Saturday, August 06, 2011

Rosy-Cheeked Shuffle

Even when the band stretches out and demonstrates its cohesiveness, you feel the ghost of Jerry Garcia and his rosy-cheeked shuffle.

So writes Sasha Frere-Jones in his New Yorker review of My Morning Jacket's latest album, Circuital. Jerry Garcia as Santa Claus? I kind of like the idea, as in this picture I just found on the web, but Jerry-bashing in order to praise MMJ's "cohesiveness" even when "stretching out" misses the cohesiveness of Jerry's own playing. And when Frere-Jones goes on to discuss MMJ's jam-band self-marketing in the next paragraph, he messes up the history entirely:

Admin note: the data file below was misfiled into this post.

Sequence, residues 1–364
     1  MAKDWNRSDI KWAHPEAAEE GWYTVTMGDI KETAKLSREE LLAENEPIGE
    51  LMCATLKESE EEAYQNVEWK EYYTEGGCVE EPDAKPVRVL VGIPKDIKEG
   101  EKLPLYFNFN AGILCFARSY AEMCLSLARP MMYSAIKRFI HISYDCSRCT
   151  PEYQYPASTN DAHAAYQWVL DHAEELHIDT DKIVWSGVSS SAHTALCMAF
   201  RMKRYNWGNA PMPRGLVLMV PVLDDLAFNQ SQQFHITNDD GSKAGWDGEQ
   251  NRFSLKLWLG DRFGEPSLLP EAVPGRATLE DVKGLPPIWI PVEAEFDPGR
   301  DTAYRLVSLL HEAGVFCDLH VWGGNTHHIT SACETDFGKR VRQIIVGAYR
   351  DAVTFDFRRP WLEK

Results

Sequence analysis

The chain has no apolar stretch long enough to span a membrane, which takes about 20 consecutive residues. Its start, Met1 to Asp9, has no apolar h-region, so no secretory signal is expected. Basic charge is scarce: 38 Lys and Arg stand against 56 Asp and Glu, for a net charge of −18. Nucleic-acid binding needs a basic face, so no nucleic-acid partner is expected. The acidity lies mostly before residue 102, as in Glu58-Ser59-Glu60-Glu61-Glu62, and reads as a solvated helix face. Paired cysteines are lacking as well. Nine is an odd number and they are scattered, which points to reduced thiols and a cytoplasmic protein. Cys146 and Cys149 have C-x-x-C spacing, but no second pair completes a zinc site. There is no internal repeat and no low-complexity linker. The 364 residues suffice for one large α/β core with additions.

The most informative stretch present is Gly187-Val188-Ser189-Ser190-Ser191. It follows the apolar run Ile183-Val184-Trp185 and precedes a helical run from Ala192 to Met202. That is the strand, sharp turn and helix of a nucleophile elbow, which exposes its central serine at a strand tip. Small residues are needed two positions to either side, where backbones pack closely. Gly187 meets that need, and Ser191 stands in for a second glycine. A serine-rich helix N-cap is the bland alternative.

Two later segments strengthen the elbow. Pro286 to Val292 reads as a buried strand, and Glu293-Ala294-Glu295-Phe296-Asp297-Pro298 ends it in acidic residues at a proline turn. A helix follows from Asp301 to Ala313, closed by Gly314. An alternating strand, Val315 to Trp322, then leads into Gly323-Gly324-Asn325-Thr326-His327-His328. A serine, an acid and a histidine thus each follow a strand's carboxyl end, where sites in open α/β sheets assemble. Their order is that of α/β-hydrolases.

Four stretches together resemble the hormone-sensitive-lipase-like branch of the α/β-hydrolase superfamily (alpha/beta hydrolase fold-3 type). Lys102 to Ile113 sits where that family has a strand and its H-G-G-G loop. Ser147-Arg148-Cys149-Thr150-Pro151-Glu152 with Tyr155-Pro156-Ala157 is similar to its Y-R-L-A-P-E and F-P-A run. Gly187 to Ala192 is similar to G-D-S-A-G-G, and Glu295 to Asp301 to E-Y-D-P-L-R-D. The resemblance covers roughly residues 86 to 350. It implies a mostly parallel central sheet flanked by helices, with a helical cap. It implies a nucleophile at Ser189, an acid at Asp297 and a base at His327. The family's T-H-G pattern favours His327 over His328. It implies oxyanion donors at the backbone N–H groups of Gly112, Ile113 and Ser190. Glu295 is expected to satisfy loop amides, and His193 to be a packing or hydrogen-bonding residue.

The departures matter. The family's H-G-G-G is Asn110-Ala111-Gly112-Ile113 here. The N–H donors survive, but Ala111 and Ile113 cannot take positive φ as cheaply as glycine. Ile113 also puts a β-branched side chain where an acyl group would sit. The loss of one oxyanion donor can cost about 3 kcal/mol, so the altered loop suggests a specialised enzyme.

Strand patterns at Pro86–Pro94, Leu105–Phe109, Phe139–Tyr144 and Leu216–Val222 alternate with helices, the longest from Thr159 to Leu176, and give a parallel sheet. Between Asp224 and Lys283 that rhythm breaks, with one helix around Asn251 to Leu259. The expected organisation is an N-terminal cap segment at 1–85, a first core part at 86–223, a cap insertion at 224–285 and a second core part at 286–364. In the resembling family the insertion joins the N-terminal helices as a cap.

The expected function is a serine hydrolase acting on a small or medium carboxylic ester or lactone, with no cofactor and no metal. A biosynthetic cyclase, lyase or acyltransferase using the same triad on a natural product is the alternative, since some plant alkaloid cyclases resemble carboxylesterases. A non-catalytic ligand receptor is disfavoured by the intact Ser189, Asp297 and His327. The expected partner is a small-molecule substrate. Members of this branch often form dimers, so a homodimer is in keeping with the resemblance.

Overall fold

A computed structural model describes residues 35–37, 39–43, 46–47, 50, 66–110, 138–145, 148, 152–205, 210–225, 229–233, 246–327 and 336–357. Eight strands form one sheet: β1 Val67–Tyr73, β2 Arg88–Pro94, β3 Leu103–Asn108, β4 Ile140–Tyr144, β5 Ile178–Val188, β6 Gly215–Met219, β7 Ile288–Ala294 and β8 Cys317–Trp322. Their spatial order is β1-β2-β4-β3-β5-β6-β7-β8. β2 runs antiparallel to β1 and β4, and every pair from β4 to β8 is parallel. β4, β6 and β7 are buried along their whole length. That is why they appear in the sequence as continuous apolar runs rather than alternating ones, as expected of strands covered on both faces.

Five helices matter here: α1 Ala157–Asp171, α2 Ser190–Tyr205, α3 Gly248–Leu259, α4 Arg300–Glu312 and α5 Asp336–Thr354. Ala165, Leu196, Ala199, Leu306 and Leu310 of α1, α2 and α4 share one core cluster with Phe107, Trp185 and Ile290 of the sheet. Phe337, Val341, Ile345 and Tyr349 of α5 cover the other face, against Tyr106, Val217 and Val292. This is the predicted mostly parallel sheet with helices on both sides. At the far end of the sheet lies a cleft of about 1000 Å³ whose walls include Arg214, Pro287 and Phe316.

Something wonderfully odd has happened: though the punks famously want nothing to do with the system, it was the hippies—because of jam bands like Phish and the String Cheese Incident—who were the first to abandon the traditional music business, at least in part. They built enormous fan bases by touring endlessly. They earned reasonable salaries and were largely freed from worrying about how many records they sold or whether they were played on the radio.

As Phish and SCI would be the first to tell you, it was the Grateful Dead (with their rosy-cheeked shuffle) who first built their fan base by focusing on touring and thus freed themselves from record sales and radio airplay. If you're going to bash Jerry as a sweet old hippie, Mr. F-J, at least get your facts right!

And just to belie the image of Jerry as some sort of sweet musical Santa, here's Jerry and the Dead getting into a close encounter in 1978:

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